NC 226A: Integrated Math IA

Citrus College Course Outline of Record

Citrus College Course Outline of Record
Heading Value
Effective Term: Summer 2022
Credits: 0
Total Contact Hours: 60
Lecture Hours : 60
Lab Hours: 0
Hours Arranged: 0
Outside of Class Hours: 120
Prerequisite: Placement by high school counselor or math placement exam.
Transferable to CSU: No
Transferable to UC: No
Grading Method: Non-Credit Course

Catalog Course Description

This is an integrated course that combines the content of algebra with logical reasoning, statistics, probability, problem solving, real life situations, spatial visualization, and introductory topics in geometry. The course format will include activity-based investigations with hands on activities, concepts, and applications compliant with the adopted California State Mathematics Standards to meet the minimum course requirements for high school graduation. 60 lecture hours.

Course Objectives

  • Explain the meaning of a problem and look for entry points to its solution.
  • Analyze givens, constraints, relationships, and goals.
  • Make sense of quantities and their relationships in problem situations.
  • Understand and use stated assumptions, definitions, and previously\\nestablished results in constructing arguments.
  • Compare the effectiveness of two plausible arguments, distinguish correct\\nlogic or reasoning from that which is flawed, and explain what it is.
  • Understand and use stated assumptions, definitions, and previously\\nestablished results in constructing arguments.
  • Identify important quantities in a practical situation and map relationships\\nusing such tools such as diagrams, two-way tables, graphs, flowcharts, and formulas.
  • Calculate accurately and efficiently, express numerical answers with a \\ndegree of precision appropriate for the problem context.
  • Discern patterns or structures.
  • Look for and express regularity in repeated reasoning. 

Major Course Content

  1. Number and Quantity
    1. Reason quantitatively and use units to solve problems.
      1. Use units as a way to understand problems and to guide the solution of multi-step problems; choose and interpret units consistently in formulas; choose and interpret the scale and the origin in graphs and data displays. 
      2. Define appropriate quantities for the purpose of descriptive modeling.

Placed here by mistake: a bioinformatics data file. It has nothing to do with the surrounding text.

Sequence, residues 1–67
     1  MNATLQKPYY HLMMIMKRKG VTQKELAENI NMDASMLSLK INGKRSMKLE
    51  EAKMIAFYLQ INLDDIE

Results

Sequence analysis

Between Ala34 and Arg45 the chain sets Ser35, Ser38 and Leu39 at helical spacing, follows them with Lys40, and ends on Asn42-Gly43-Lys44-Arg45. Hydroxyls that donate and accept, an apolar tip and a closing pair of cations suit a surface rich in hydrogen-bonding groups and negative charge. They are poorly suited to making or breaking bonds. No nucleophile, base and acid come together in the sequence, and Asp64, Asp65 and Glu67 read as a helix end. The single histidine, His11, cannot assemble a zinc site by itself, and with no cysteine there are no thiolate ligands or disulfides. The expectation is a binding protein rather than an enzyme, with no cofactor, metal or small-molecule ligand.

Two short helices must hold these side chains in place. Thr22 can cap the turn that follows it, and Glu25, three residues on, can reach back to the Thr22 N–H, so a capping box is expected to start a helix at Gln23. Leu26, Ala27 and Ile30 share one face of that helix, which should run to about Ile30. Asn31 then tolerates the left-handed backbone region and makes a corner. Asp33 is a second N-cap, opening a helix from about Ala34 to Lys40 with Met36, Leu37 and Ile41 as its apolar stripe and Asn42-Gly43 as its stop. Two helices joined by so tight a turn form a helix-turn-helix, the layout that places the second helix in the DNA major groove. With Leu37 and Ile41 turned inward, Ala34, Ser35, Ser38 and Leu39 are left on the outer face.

2.  Algebra
    1. Interpret the structure of expressions.
      1. Interpret parts of an expression, such as terms, factors, and coefficients.
      2.  Interpret complicated expressions by viewing one or more of their parts as a single entity. For example, interpret as the product of P and a factor not depending on P.
    2. Create equations that describe numbers or relationship (linear, absolute value, exponential).
      1. Create equations and inequalities in one variable including ones with absolute value and use them to solve problems. Include equations arising from linear and quadratic functions.
      2. Create equations in two or more variables to represent relationships between quantities; graph equations on coordinate axes with labels and scales.
    3. Understand solving equations as a process of reasoning and explain the reasoning
      1. Explain each step in solving a simple equation as following from the equality of numbers asserted at the previous step, starting from the assumption that the original equation has a solution. Construct a viable argument to justify a solution method.
    4. Solve equations and inequalities in one variable
      1. Solve linear equations and inequalities in one variable, including equations with coefficients represented by letters. [Linear inequalities; literal equations that are linear in the variables being solved for; exponential of a form.
    5. Solve systems of equations
      1. Prove that, given a system of two equations in two variables, replacing one equation by the sum of that equation and a multiple of the other produces a system with the same solutions.
      2. Solve systems of linear equations exactly and approximately (e.g., with graphs), focusing on pairs of linear equations in two variables.
    6. Represent and solve equations and inequalities graphically